They also compare the two cards in DX11 and DX12 mode, with both cards using a Skylake-based Core i5 CPU. In this test, AMD's card noticed a nice increase in frame rate when switching to DirectX 12, while NVIDIA had a performance regression in the new API. This raises two questions, one of which is potentially pro-NVIDIA, and the other, pro-AMD. First, would the original test, if NVIDIA's card was allowed to use DirectX 11, show the GTX 1060 more competitive against the DX12-running RX 480? This brings me to the second question: what would the user see? A major draw of Mantle-based graphics APIs is that the application has more control over traditionally driver-level tasks. Would 60 FPS in DX12 be more smooth than 60 FPS in DX11?
I don't know. It's something we'll need to test.
Subject: Graphics Cards | October 14, 2016 - 01:27 PM | Jeremy Hellstrom
Tagged: msi, gtx 1070, GTX 1070 GAMING X 8G, factory overclocked
The most noticeable feature of this GTX 1070 from MSI is that is has an additional 6 pin power connector intended to ensure smooth power delivery. The most confusing part is the branding, a GAMING X is better than a GAMING Z which is better than a GAMING which is better than a non-GAMING 1070. The factory overclock on the card pushes the boost clock to 1771MHz and [H]ard|OCP also tested it the best overclock they could manage, a base clock of 1692MHz and a boost clock of 1882MHz. Check out the effect that had on gameplay in their full review.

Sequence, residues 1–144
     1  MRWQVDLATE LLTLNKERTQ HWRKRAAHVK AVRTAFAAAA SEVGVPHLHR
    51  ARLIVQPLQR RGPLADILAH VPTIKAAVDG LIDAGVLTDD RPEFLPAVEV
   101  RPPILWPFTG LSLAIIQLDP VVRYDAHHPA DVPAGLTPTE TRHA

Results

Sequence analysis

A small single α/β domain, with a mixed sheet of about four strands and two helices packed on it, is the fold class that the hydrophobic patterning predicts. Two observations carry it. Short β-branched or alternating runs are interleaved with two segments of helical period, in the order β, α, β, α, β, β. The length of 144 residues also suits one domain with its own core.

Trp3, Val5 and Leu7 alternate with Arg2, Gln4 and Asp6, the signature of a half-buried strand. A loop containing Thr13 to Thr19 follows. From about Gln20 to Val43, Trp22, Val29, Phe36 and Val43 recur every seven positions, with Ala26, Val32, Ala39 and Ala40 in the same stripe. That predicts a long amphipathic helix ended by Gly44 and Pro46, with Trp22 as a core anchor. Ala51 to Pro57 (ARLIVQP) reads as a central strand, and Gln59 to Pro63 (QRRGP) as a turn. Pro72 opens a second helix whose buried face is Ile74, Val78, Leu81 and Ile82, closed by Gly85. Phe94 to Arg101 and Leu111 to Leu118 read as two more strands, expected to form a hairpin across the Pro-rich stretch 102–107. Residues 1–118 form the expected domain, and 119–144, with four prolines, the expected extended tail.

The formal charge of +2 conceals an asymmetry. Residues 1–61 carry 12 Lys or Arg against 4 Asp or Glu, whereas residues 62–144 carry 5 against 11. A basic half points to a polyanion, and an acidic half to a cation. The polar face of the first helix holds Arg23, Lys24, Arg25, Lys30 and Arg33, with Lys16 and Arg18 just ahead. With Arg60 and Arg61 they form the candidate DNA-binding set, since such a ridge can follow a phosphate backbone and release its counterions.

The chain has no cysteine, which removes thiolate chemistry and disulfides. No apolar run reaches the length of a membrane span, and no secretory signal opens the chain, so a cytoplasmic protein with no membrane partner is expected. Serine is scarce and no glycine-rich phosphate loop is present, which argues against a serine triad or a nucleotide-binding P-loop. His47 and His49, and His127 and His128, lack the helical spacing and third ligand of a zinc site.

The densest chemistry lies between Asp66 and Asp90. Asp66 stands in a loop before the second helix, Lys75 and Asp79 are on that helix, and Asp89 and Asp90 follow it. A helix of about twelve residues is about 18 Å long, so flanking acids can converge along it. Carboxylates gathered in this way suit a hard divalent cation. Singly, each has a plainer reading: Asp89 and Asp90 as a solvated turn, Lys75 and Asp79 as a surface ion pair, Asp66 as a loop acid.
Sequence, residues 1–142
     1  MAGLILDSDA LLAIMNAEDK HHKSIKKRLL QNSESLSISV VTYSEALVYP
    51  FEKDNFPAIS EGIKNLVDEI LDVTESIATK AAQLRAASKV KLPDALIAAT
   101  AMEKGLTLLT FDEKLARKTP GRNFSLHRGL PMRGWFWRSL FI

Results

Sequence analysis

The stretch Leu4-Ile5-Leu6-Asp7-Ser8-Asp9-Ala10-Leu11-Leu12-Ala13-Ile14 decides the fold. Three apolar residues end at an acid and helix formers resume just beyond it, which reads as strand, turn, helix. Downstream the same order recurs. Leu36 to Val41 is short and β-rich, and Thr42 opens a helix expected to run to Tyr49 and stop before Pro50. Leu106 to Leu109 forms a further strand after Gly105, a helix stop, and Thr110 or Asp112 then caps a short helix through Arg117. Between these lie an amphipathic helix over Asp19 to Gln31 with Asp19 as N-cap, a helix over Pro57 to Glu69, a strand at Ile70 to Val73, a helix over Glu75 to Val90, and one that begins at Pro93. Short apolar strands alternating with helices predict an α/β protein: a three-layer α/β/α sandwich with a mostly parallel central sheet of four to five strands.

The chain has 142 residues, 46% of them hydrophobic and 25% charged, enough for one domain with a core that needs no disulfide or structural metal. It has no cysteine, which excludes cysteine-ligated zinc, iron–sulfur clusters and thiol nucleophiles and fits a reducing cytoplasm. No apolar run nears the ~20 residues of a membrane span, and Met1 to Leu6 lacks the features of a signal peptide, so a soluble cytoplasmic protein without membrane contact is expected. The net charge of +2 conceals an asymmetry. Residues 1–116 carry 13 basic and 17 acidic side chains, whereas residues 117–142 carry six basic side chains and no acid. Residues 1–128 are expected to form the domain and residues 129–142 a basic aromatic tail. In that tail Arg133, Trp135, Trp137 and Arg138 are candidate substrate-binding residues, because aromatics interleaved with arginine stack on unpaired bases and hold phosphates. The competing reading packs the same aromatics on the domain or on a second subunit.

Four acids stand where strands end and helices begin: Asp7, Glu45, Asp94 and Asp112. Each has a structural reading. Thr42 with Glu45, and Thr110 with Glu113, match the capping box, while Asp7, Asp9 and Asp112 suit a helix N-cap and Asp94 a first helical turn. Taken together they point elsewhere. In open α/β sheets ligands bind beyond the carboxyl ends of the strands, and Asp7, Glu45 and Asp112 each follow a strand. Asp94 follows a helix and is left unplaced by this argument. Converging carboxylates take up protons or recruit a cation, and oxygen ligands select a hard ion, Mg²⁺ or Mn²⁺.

"We have MSI’s new GeForce GTX 1070 GAMING X 8G video card to evaluate today. We will push this GPU as high as we can, and see how the overclock compares to the default factory overclock, and a Founders Edition NVIDIA GeForce GTX 1070. This video card is a fully custom retail video card with the Twin Frozr VI cooling system. "
Here are some more Graphics Card articles from around the web:
- ASUS ROG STRIX GeForce GTX 1070 O8G-GAMING @ [H]ard|OCP
- ZOTAC GeForce GTX 1070 AMP! Graphics Card @ Custom PC Review
- ASUS GeForce GTX 1060 6GB Strix Graphics Card Review @ Techgage